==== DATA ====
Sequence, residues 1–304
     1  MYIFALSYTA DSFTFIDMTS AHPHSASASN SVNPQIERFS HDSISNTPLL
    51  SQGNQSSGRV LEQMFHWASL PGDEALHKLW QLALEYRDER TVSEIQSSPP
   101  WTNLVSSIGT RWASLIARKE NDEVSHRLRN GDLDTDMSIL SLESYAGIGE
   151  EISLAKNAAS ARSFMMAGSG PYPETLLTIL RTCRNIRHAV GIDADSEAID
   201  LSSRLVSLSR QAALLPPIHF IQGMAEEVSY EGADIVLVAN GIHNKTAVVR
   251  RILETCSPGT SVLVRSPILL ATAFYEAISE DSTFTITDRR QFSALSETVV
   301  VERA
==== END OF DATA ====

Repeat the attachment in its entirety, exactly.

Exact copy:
Sequence, residues 1–304
     1  MYIFALSYTA DSFTFIDMTS AHPHSASASN SVNPQIERFS HDSISNTPLL
    51  SQGNQSSGRV LEQMFHWASL PGDEALHKLW QLALEYRDER TVSEIQSSPP
   101  WTNLVSSIGT RWASLIARKE NDEVSHRLRN GDLDTDMSIL SLESYAGIGE
   151  EISLAKNAAS ARSFMMAGSG PYPETLLTIL RTCRNIRHAV GIDADSEAID
   201  LSSRLVSLSR QAALLPPIHF IQGMAEEVSY EGADIVLVAN GIHNKTAVVR
   251  RILETCSPGT SVLVRSPILL ATAFYEAISE DSTFTITDRR QFSALSETVV
   301  VERA